Part of the problem, according to Shepherd, is that many hornbill species are not adequately protected by CITES, the international treaty to ensure commercial wildlife trade doesn’t lead to species extinctions. In many cases, hornbills can be traded legally given the correct documentation and permits that indicate the bird was not taken from the wild.
Although most trafficked live hornbills are likely to end up in the hands of affluent private collectors who have the means and space to accommodate them, some might pass through unscrupulous zoos for re-export or sale.
“There’s a lot of laundering of wild hornbills and there’s a lot of declaring of wild-caught hornbills as captive bred and then legally trading them in that way, when in fact they’re taken illegally from the wild,” Shepherd said, adding that work needs to be done to improve CITES as a tool that protects hornbills from trafficking.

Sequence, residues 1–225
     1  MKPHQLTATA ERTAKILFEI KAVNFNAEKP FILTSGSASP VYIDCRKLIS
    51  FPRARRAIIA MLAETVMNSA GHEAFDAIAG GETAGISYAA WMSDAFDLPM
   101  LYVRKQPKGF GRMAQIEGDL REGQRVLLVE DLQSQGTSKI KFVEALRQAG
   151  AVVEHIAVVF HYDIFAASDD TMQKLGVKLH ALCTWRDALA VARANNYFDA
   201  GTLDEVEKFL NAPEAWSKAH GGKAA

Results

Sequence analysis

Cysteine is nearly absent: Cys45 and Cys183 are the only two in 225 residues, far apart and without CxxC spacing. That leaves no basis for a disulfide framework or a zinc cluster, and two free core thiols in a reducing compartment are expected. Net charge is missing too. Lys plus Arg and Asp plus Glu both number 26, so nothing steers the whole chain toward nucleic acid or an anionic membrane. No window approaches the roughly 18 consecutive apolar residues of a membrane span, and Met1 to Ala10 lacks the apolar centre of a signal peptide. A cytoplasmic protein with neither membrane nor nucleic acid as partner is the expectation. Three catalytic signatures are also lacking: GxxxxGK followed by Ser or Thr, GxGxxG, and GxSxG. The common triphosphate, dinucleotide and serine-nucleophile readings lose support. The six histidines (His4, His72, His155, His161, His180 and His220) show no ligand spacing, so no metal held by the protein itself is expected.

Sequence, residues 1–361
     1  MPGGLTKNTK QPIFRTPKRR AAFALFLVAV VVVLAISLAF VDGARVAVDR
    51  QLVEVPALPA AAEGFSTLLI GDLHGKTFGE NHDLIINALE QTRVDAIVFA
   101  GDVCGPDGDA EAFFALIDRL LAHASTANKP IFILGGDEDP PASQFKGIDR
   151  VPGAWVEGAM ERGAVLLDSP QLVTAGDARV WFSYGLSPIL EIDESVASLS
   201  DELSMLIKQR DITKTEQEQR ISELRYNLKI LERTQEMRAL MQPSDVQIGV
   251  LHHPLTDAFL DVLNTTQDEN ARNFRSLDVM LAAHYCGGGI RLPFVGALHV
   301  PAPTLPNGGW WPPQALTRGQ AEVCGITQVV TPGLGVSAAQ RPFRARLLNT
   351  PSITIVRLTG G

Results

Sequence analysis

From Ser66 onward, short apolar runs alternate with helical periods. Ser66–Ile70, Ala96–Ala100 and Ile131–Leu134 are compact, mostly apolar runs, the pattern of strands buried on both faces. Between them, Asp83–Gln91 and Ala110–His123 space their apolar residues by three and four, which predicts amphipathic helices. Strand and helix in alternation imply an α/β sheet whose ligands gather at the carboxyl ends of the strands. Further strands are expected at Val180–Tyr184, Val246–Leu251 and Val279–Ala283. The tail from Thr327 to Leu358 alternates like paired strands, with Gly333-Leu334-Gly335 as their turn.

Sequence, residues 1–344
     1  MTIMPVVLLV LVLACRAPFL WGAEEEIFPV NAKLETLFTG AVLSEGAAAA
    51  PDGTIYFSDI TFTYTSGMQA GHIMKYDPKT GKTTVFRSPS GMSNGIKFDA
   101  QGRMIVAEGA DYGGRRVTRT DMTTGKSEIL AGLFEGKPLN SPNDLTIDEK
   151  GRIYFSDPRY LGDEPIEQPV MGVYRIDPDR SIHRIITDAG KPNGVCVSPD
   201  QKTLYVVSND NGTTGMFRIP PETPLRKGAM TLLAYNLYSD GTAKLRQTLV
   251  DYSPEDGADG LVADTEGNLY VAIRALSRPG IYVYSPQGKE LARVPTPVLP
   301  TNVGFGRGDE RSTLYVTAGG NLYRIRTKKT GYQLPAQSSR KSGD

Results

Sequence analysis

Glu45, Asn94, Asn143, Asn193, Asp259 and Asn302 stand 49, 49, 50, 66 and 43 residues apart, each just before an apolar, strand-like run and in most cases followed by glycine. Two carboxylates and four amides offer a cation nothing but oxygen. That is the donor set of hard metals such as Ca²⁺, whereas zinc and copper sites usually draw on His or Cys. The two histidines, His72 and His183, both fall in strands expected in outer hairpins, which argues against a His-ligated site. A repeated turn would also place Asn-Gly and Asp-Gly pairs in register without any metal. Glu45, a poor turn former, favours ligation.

Curb digital trade
In terms of domestic trade, seeing caged hornbills for sale in bird markets is not as common as it once was, according to Shepherd. “For two reasons: one is the authorities have cracked down on certain species in the markets; and the other is that a lot of the trade has shifted online.
“Governments should put in place legislation to knock out the online trade. In some countries, it’s illegal to advertise protected wildlife — and that’s a good step — but in some others, they’re not even there yet,” said Shepherd, adding that the digital platforms themselves must also do their part to curb wildlife crime.